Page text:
A New York Times Bestseller
Here are three things about this book: (1) It's . . . funny and romantic; (2) the mystery at the heart of the story will keep you turning the pages; (3) I have a feeling you'll be very happy you read it. --Jennifer E. Smith, author of The Statistical Probability of Love at First Sight
With the perfect mix of comedy and tragedy, love and loss, and pain and elation, the characters in Julie Buxbaum's Tell Me Three Things come to feel like old friends who make any day better. This YA vel is sure to appeal to fans of Rainbow Rowell, Jennifer Niven, and E. Lockhart.
Everything about Jessie is wrong. At least, that's what it feels like during her first week of junior year at her new ultra-intimidating prep school in Los Angeles. It's been barely two years since her mother's death, and because her father eloped with a woman he met online, Jessie has been forced to move across the country to live with her stepmonster and her pretentious teenage son, and to start at a new school where she kws one.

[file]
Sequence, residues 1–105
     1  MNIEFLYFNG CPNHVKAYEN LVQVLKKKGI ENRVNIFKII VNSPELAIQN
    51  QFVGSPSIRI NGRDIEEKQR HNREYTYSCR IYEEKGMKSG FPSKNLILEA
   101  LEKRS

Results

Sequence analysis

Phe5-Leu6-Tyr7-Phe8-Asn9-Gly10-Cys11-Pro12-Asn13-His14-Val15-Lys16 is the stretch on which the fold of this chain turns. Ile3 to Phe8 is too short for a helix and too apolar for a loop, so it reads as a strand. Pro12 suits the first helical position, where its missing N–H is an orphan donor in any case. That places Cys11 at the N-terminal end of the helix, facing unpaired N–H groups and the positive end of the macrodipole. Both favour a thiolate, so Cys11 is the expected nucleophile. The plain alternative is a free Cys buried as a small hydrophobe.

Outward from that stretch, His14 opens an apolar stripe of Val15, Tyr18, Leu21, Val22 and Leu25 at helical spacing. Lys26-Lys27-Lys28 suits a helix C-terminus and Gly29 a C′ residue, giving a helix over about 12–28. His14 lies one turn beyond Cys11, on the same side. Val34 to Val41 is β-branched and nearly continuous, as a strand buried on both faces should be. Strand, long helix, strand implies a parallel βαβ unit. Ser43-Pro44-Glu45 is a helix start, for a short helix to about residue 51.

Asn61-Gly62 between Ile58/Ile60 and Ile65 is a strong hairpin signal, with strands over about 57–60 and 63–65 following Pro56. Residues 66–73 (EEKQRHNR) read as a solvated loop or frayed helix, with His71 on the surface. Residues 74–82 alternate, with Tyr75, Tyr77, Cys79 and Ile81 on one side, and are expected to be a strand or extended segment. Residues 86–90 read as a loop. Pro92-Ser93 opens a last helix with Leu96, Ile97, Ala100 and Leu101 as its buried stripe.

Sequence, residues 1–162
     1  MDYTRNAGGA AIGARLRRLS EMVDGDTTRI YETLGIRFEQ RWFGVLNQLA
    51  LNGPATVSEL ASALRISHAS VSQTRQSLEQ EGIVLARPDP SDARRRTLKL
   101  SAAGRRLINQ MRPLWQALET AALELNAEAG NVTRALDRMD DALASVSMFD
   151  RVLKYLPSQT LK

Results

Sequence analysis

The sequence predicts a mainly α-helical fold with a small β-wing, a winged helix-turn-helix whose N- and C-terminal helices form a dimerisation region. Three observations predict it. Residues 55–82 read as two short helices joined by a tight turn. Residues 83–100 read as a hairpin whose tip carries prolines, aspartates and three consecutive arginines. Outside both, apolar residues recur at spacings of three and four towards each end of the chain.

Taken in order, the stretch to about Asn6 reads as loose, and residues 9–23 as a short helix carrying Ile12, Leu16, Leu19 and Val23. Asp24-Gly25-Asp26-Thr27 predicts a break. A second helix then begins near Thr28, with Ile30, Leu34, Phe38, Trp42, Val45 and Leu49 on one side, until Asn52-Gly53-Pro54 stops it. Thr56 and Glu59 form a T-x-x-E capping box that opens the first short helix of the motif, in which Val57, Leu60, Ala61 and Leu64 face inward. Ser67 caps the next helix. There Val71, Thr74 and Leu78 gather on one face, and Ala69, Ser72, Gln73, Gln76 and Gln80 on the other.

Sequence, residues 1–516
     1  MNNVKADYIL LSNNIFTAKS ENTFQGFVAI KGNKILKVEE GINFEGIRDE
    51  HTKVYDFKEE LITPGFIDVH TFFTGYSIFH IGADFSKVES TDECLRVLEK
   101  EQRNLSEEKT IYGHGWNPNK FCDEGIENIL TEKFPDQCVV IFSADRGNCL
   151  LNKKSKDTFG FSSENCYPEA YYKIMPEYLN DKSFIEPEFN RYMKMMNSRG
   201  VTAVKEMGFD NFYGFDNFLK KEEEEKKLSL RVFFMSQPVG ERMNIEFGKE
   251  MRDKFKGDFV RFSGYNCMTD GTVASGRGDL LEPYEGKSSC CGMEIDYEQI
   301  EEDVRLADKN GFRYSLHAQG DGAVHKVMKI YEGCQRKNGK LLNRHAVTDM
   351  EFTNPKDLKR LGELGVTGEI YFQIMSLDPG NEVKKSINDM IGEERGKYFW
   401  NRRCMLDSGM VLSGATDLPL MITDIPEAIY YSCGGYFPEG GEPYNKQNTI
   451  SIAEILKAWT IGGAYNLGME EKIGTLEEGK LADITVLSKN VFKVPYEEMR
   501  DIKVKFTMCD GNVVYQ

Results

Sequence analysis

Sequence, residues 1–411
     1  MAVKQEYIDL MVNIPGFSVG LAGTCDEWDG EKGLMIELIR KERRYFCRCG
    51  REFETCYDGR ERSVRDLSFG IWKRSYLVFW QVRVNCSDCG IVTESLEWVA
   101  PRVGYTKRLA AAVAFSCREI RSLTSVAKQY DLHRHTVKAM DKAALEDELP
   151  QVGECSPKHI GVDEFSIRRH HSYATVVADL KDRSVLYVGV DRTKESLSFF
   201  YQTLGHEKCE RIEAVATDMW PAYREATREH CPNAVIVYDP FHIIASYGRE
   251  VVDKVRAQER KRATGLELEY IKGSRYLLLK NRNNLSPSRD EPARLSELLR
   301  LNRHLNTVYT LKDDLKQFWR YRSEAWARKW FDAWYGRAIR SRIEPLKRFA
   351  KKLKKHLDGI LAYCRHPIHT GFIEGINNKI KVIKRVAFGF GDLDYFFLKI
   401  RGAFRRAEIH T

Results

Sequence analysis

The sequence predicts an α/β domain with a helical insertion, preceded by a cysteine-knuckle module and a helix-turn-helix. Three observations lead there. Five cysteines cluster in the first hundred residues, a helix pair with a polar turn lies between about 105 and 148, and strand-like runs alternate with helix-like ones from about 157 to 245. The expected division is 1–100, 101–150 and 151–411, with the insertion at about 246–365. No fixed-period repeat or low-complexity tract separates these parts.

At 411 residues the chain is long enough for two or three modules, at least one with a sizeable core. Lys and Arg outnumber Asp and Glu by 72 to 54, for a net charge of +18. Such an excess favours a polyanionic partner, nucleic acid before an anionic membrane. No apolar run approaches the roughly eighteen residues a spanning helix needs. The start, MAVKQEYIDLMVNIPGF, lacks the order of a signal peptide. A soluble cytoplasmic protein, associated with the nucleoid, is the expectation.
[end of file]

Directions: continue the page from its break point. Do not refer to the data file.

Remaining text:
Just when she's thinking about hightailing it back to Chicago, she gets an email from a person calling themselves Somebody/Nobody (SN for short), offering to help her navigate the wilds of Wood Valley High School. Is it an elaborate hoax? Or can she rely on SN for some much-needed help?
In a leap of faith--or an act of complete desperation--Jessie begins to rely on SN, and SN quickly becomes her lifeline and closest ally. Jessie can't help wanting to meet SN in person. But are some mysteries better left unsolved?
More praise for TELL ME THREE THINGS
Three Things about this vel: (1) I loved it. (2) No, really, I LOVED it. (3) I wish I could tell every teen to read it. Buxbaum's book sounds, reads, breathes, worries, and soars like real adolescents do. --Jodi Picoult, New York Times bestselling author of Leaving Time and Off the Page
The desire to find out whether Jessie's real-life and virtual crushes are one and the same will keep [readers] turning the pages as quickly as possible. --PW, Starred
A heartfelt, wryly perceptive account of coming to terms with irrevocable loss when life itself means inevitable change. --Kirkus Buxbaum's debut is hard to put down because of its smooth and captivating text. The addition of virtual conversations through email and chatting adds to the exciting plot twist. --SLJ